Sandy Skoglund. Biography. -1946 born in Quincy, Massachusetts -1964-1968 undergrad at Smith College in Northampton, Massachusetts; studied studio art and art history -1969-1972 grad school at University of Iowa; studied filmmaking, intaglio printmaking, and multimedia art
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-1946 born in Quincy, Massachusetts
-1964-1968 undergrad at Smith College in Northampton, Massachusetts; studied studio art and art history
-1969-1972 grad school at University of Iowa; studied filmmaking, intaglio printmaking, and multimedia art
-1972 moved to NYC, working as a conceptual artist
-late 1970s taught herself photography; wanted to document her conceptual ideas
-deals with repetitive, process-oriented art production through the techniques of mark-making and photocopying
-developing interest in photographic technique plus interest in popular culture and commercial picture making strategies resulted in the directorial tableau work that she’s renowned for
-Skoglund currently lives in Jersey City, New Jersey and teaches Installation Art at Rutgers University
SOLO EXHIBITIONS AND PROJECTS (limited to post-2001)
GROUP EXHIBITIONS (limited to post 2001)
2005 Collection 2, Fondation Pour l’Art Contemporain Claudine at Jean-Marc Salomon, Chateau Arenthon,
Alex, France, March 17-June 3, 2005.
2004 Undomesticated Interiors, Smith College Museum of Art, Oct. 31, 2003-Jan. 4, 2003
Reprotech, at the New York Academy of Sciences, N.Y.C. April 8- June 18, 2004. curated by Suzanne Anker, reviewed in New York Times, Arts and Ideas May 8, 2004.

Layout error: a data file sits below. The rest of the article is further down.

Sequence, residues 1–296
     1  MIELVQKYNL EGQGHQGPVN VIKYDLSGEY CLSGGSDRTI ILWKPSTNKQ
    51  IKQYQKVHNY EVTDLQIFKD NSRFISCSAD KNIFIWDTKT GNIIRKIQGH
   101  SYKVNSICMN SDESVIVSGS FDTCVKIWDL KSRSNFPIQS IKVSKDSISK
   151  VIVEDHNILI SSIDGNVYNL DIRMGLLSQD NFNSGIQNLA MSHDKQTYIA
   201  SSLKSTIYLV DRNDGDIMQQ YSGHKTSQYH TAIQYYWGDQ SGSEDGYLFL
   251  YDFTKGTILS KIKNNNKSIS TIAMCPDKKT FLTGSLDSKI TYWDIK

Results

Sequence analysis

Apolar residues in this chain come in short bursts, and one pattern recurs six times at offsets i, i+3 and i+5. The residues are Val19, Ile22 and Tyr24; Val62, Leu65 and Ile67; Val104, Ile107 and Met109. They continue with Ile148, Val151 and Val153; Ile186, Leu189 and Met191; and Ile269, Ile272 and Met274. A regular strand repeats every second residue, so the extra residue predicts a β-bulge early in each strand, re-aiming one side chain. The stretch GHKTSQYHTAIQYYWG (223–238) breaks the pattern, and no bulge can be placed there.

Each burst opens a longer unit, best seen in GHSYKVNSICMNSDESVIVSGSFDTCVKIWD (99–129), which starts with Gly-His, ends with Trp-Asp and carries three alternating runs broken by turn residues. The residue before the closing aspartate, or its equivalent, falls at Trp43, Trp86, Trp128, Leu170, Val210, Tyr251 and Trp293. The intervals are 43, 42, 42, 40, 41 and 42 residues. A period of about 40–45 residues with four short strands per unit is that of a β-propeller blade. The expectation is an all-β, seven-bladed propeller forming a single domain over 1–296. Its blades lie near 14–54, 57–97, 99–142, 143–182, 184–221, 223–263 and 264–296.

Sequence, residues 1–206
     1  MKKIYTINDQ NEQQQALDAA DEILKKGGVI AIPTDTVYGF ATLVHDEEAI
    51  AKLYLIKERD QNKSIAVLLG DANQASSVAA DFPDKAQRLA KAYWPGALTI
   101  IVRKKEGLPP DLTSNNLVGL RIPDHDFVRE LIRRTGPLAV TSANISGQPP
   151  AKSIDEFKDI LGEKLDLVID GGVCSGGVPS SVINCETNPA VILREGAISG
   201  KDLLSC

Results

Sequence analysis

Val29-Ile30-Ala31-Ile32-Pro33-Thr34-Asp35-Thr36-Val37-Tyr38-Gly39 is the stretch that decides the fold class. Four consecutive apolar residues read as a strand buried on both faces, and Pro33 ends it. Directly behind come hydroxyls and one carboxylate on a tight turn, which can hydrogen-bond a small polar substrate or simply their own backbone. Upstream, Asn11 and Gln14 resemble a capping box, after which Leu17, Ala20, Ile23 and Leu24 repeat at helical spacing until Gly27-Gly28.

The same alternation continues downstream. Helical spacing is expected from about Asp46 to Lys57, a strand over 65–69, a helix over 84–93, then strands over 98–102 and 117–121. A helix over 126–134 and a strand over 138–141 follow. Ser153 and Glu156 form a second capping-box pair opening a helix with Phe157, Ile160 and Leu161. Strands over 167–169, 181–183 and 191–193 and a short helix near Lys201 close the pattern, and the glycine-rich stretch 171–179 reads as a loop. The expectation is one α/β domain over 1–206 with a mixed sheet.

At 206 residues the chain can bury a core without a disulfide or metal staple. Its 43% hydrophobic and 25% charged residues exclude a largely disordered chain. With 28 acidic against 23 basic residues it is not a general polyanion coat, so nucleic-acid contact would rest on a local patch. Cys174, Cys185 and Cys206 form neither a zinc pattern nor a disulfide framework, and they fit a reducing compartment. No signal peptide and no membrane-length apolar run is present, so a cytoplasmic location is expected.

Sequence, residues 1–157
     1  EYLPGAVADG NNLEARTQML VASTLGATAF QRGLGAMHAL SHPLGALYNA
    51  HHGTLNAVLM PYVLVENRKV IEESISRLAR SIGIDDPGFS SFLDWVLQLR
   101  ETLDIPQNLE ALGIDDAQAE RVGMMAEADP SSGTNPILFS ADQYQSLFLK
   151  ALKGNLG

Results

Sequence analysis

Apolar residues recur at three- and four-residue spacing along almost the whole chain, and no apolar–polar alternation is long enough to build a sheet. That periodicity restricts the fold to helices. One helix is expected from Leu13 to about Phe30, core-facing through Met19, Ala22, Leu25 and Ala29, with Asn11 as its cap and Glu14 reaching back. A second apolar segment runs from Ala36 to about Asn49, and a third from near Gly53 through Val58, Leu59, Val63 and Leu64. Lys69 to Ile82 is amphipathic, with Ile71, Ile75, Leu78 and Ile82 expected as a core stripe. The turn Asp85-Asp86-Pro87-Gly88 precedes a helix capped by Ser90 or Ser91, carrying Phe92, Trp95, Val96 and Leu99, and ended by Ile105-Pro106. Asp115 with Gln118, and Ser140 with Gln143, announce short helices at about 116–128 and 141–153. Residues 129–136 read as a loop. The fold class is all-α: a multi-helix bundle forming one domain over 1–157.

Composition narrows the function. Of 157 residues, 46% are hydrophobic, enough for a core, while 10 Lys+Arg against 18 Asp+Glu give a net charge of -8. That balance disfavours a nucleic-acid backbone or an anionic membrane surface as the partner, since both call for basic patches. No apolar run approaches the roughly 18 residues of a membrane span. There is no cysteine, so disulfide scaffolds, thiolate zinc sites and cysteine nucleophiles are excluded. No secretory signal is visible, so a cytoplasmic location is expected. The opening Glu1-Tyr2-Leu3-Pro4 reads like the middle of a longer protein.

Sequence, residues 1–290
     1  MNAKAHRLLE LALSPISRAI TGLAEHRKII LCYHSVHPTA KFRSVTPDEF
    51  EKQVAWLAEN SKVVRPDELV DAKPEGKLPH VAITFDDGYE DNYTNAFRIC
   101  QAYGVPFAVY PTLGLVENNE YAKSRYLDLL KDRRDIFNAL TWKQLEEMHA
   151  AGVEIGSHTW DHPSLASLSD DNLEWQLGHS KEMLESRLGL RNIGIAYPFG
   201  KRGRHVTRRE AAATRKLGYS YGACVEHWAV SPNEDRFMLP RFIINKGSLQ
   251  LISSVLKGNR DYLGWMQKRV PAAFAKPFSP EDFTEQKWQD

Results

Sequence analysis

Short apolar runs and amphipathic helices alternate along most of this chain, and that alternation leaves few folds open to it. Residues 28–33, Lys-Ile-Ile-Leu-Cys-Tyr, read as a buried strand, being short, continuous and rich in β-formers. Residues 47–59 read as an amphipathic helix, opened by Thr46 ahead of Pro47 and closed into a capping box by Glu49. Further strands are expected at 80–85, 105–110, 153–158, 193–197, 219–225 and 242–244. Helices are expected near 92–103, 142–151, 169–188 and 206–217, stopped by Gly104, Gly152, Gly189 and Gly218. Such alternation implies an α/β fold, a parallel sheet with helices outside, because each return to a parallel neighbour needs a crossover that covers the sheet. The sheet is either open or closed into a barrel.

2003 Sweet Tooth. At COPIA: The American Center, Napa, California, Curated by Sarah
Tanguy , Jan. 30 – May 11, 2003.
From Start to Finish. At the Katonah Museum of Art, Katonah, New York. Curated by Sarah Tanguy.
Aug. 10 – Oct. 29, 2003
2002 Visions from America: Photographs from the Whitney Museum of American Art, 1940-2001. The Whitney
Museum of American Art, N.Y.C. June 27, 2002 - September 22, 2002.
Photography Past/Forward: Aperture at 50. traveling group exhibition October 2002 – October 2006, organized by
Aperture Magazine, N.Y.C.
Postflesh. Art Museum of Cal. State University of Sacramento. Curated by Rachel Clarke. Nov. 18 – Mar. 21, 2003.
Glassway, Les Salles du Verre. From Antiquity to the present. Musee Archeologique Regional d’Aoste, Italy. Curated by Maurizio Sciaccaluga. June 15 – October 27, 2002.
True Fictions, Inszenierte Fotokunst der 1990er Jahre, curated by Michael Kohler. Traveling exhibition
throughout Northern Europe.
“I think I am most fond of the unseen part. I mean that the various cultural experiences that I go through, and the behavioral aspects of getting the work done, are just as important as the installation and the photograph. So, for me, the relationship between the two is more about hybridism and the search for an ideal form that I'm never going to arrive at. The installation and the photograph are mere approximations of this ideal.”
Almost all of her pieces involve food. She doesn’t use food to comment on its nurturing purpose or on consumerism. She uses food because it is a recognizable material whose identity she can transform by changing its function.
She juxtaposes an absurd amount of one object, almost always food or animals, into an otherwise mundane environment occupied by human characters who are unaware of the object.
“an antic dream world of ordinary life gone seriously awry.”
"[Skoglund] creates works with a pop art flavor and a surreal anxiety. She heightens reality and illusion simultaneously. Her work is utterly straightforward and simple, yet devilishly complex. She emphasizes artifice while drawing art from life," Judith Van Baron.
“Her work offers a complex dynamic that is parody and convention, experiment and treatise.”
“Skoglund referred to the fact that she does not preconceive her installations and, during the making process which can take over six months, meaning evolves for the artist.